They didn’t tell me about this irrational fear that would overtake me. This grinding in my stomach that would occur. The mind racing or the panic sweats. I wasn’t depressed; I was nervous. I chocked it up to hormones. I thought it would get better in a few weeks or months, like all of the other postpartum symptoms.

But it didn’t.

My son is 4, and I still have issues with it. I still think the worst is about to occur. That something terrible is going to happen. That the bottom is about to drop out. I sometimes find it hard to live in the moment or enjoy it because I fear it won’t last. Which can make it really hard to feel happy.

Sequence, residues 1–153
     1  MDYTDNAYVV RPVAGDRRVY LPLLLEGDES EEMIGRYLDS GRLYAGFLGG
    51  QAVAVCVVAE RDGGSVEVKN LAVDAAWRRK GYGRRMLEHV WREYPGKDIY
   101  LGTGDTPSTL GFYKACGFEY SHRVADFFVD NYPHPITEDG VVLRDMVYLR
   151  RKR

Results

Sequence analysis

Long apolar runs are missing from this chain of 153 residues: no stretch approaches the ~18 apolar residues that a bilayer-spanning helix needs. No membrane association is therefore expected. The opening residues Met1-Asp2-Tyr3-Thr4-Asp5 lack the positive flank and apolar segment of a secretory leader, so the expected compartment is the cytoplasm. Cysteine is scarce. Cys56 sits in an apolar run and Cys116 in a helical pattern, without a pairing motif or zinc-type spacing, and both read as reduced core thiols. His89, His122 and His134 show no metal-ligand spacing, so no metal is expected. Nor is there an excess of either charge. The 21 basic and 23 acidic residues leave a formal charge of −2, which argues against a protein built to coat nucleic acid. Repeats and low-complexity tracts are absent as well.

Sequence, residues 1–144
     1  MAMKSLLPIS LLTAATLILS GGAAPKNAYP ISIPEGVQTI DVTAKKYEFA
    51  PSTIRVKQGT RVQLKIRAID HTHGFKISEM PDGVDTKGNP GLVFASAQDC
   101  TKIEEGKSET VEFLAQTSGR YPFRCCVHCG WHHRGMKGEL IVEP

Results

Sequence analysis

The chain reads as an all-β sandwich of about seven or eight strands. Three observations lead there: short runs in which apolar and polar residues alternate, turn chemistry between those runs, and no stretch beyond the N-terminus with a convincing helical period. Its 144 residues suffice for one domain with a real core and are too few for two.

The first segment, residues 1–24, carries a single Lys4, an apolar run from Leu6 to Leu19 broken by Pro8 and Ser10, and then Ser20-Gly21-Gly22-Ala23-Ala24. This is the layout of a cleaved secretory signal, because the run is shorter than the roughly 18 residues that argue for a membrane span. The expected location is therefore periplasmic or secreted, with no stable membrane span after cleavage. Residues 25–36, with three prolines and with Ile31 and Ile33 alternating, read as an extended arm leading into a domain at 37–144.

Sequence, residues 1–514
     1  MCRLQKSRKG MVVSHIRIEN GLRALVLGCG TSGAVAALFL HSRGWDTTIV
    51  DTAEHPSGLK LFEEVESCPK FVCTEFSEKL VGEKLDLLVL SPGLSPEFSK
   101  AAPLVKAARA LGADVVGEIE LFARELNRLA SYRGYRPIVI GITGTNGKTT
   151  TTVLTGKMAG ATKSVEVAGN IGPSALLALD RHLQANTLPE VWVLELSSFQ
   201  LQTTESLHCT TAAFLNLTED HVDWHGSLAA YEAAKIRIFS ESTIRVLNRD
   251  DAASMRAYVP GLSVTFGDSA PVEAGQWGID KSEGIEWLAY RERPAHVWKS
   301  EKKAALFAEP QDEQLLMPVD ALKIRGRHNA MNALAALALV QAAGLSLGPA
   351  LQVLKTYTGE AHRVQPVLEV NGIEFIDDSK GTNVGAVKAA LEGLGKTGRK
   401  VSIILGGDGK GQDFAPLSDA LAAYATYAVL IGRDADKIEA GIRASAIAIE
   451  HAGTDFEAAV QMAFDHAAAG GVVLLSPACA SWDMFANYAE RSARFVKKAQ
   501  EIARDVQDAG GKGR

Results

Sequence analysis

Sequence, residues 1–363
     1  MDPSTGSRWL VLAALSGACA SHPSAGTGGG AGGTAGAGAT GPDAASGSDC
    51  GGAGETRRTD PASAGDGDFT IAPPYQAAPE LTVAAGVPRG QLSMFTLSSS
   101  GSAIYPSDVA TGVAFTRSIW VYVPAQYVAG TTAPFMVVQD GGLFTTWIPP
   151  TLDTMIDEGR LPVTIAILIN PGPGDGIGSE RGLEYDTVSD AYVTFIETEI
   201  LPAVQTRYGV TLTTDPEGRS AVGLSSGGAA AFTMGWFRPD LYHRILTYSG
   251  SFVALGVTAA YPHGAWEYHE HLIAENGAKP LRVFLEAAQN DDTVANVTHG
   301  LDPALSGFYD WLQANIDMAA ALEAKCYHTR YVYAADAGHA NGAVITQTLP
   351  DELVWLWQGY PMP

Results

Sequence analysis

I’ve found that turning to my faith has helped immensely. And talking about it with my husband and close friends. Talking about it makes it feel more real. Allowing someone else to hold my hand and walk me through it, and to sometimes tell me I’m being irrational helps. Sharing with others who might be going though it with me. Telling them that in the end, it will be OK. You can feel “normal” again.

If you feel like you’re suffering from postpartum anxiety, tell someone. Get counseling if you must. Tell your doctor; they even have medications that may help. Don’t hold it in like I did for so long. You don’t have to feel this way. There is a way out.

Follow this journey at Mrs. Bishop.

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What You Should Know Before Saying It’s ‘Normal’ for a New Mom to Have Anxiety


Postpartum mood disorders are more common than people think, yet it’s something that isn’t openly talked about. I myself have been battling with postpartum anxiety (PPA) since my daughter’s birth in September, and it has taken me since then to feel strong enough to talk about it.